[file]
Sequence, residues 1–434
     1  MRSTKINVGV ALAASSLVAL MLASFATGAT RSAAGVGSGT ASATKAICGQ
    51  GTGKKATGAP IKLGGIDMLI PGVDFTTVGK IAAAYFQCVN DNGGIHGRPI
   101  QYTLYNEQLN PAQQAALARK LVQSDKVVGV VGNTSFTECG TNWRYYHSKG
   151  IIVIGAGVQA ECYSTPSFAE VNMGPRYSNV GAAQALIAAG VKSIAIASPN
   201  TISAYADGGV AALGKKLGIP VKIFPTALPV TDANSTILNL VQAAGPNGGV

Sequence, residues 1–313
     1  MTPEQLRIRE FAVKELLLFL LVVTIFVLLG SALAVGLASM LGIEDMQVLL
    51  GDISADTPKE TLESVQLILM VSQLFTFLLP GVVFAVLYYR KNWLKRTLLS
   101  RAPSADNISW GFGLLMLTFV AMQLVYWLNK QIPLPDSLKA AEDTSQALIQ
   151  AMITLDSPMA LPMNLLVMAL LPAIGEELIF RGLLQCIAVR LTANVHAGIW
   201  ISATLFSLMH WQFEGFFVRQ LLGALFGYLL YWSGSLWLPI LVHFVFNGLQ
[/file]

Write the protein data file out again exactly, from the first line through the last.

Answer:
Sequence, residues 1–434
     1  MRSTKINVGV ALAASSLVAL MLASFATGAT RSAAGVGSGT ASATKAICGQ
    51  GTGKKATGAP IKLGGIDMLI PGVDFTTVGK IAAAYFQCVN DNGGIHGRPI
   101  QYTLYNEQLN PAQQAALARK LVQSDKVVGV VGNTSFTECG TNWRYYHSKG
   151  IIVIGAGVQA ECYSTPSFAE VNMGPRYSNV GAAQALIAAG VKSIAIASPN
   201  TISAYADGGV AALGKKLGIP VKIFPTALPV TDANSTILNL VQAAGPNGGV

Sequence, residues 1–313
     1  MTPEQLRIRE FAVKELLLFL LVVTIFVLLG SALAVGLASM LGIEDMQVLL
    51  GDISADTPKE TLESVQLILM VSQLFTFLLP GVVFAVLYYR KNWLKRTLLS
   101  RAPSADNISW GFGLLMLTFV AMQLVYWLNK QIPLPDSLKA AEDTSQALIQ
   151  AMITLDSPMA LPMNLLVMAL LPAIGEELIF RGLLQCIAVR LTANVHAGIW
   201  ISATLFSLMH WQFEGFFVRQ LLGALFGYLL YWSGSLWLPI LVHFVFNGLQ